Cartersville’s Church at Liberty Square, a hot spot that lost 14 to COVID, continues to heal a year later. The recovery ‘also revealed the hope and resiliency of the body of Christ.’

Cartersville’s Church at Liberty Square, a hot spot that lost 14 to COVID, continues to heal a year later. The recovery ‘also revealed the hope and resiliency of the body of Christ.’

The Church at Liberty Square held several outdoor prayer events during the initial COVID outbreak in April 2020. Facebook photo.

By Natalie Simms
nsimmshh@att.net

It’s been a difficult year for churches because of the COVID pandemic but few have had a more trying time than The Church at Liberty Square.

The Cartersville church, at 2001 Liberty Square Drive, was traced by state health officials to be the source of one of the earliest coronavirus outbreaks in Northwest Georgia, one that led to many positive cases and deaths.

The outbreak stemmed from a special choir celebration on March 1, 2020. That service was held before many even knew what COVID-19 was and that it was in the United States, much less in Georgia.

King

“… We had well over 1,000 people in attendance for a special celebration to honor a former staff member and the service featured a reunion choir,” says Dr. Jacob King, senior pastor. “Many were later diagnosed with COVID and several passed away.”

According to an article in the AJC on April 13, as many as 15 cases were initially traced to the church and at least five people who attended the March 1 service or who had a loved one there died from COVID. Among them was a Rome woman, Northwest Georgia’s first victim who died March 15.

King says the church lost 14 members to COVID in the first three months of the pandemic, between March and May. And because of the pandemic and stay-at-home orders, the church was not open for group worship, which made it more difficult to deal with so many losses.

“After we reopened for corporate worship again, we honored the lives of 14 that passed in that season during a special service in July,” he says. “We have been very fortunate to not have any more widespread outbreaks of COVID since March of last year.

“Dealing with the loss of so many valuable and well-loved members has been quite difficult.  It all happened so suddenly, and the pain of that loss continues to be felt.  But it has also revealed the hope and resiliency of the body of Christ. We are a spiritual family, and the love and support I have witnessed this congregation give to each other has been amazing during this adverse time.”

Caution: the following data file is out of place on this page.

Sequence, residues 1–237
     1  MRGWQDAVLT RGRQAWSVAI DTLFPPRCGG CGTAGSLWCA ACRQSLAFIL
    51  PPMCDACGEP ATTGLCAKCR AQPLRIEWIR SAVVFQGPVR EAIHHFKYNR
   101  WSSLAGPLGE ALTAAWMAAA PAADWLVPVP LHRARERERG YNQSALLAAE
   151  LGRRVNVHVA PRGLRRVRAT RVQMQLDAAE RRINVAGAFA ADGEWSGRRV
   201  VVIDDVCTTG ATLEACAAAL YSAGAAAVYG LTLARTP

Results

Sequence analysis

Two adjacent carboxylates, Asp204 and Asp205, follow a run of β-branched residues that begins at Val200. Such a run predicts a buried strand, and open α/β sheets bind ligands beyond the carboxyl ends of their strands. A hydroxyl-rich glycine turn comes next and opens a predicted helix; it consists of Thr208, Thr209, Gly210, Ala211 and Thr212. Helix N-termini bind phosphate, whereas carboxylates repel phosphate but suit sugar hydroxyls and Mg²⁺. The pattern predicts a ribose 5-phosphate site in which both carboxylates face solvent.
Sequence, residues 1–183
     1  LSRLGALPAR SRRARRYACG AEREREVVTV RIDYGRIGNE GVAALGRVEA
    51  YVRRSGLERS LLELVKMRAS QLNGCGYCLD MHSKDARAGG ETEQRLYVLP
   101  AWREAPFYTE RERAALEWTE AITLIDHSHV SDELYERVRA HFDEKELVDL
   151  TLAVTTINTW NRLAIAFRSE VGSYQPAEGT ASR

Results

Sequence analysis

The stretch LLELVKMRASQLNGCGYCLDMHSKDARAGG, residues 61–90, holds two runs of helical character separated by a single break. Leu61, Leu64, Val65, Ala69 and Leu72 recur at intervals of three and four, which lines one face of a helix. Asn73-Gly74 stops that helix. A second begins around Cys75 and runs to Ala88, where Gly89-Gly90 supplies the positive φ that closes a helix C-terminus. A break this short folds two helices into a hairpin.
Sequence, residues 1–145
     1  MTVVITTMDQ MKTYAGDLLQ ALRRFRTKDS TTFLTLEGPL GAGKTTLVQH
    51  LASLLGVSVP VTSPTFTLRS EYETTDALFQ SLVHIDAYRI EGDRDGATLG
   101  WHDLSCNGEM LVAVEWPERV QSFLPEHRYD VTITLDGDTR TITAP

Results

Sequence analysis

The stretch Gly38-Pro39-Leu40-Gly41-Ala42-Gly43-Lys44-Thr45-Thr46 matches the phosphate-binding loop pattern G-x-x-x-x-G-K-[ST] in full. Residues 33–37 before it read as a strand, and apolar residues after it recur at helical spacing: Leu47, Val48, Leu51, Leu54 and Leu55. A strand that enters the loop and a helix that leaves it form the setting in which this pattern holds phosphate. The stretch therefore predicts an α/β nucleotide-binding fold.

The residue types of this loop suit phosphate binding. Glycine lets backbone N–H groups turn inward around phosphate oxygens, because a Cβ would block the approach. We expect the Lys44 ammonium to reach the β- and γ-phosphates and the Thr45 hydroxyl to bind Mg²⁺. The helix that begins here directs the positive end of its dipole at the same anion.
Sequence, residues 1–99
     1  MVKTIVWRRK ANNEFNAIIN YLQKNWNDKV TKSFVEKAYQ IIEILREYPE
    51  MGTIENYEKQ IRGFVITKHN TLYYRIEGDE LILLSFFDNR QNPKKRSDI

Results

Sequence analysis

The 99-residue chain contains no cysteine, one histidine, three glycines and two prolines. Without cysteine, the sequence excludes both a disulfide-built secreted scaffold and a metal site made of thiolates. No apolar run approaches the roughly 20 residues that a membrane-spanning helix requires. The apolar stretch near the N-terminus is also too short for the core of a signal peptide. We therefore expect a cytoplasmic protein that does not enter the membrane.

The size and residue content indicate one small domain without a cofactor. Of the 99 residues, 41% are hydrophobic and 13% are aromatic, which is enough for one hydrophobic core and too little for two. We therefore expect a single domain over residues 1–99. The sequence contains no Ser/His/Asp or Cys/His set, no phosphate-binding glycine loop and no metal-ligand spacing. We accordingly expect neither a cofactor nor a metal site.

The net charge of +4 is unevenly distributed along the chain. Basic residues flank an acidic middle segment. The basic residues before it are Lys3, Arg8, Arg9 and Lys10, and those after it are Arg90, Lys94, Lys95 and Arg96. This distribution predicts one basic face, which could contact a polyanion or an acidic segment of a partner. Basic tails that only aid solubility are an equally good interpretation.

As the church was closed for in-person worship, all services moved to an online format. The church re-opened last June and has been open ever since. Prior the COVID pandemic, the church averaged about 1,000 in attendance on Sunday mornings.

“Since our reopening, we utilize stringent guidelines for the continuous cleaning of the buildings, social distancing and other common COVID precautions you see in other places as well,” says King.  “Currently we are at about 50% of our pre-COVID Sunday morning worship attendance.

“During and since the suspension of in-person gatherings, our online audience has grown exponentially.  Even as many people are continuing to start coming back in-person each week, many choose to connect with us online.”

In September, the church opened its parking lot up to the Georgia Department of Public Health’s Northwest Health District to be a COVID-19 free testing site in Bartow County.

“We decided to become a COVID testing site as a way to give back to our community, as well as a testimony that hope can rise out of deep suffering and pain,” says King. “Since we know firsthand what it means to be affected by the virus, this small part of helping others was a great opportunity to share the love and compassion of Christ. The stability of faith and the importance of community have always been anchors to the soul, but even more so during this pandemic.”

Public Health has since closed the free testing site in Bartow and mobilized staff to focus on vaccine distribution in the community.

King says he hopes his church will continue “to grow in creativity and innovation” to minister to the community in the ever-changing world.

“In many ways, ministry is a very different world today.  Considering the changing atmosphere of the culture, limitations of facility use and capacity, and the changing worship patterns of Americans, we have all had to grow in creativity and innovation,” he says.

“But in another sense, it is exactly the same.  Loving God, loving people and growing followers of Jesus is our mission statement. That has held true, even during and after the pandemic.

“Loving our neighbor, caring for those less fortunate, worshipping Christ together, and telling others about Jesus are necessities that will never change.”

 

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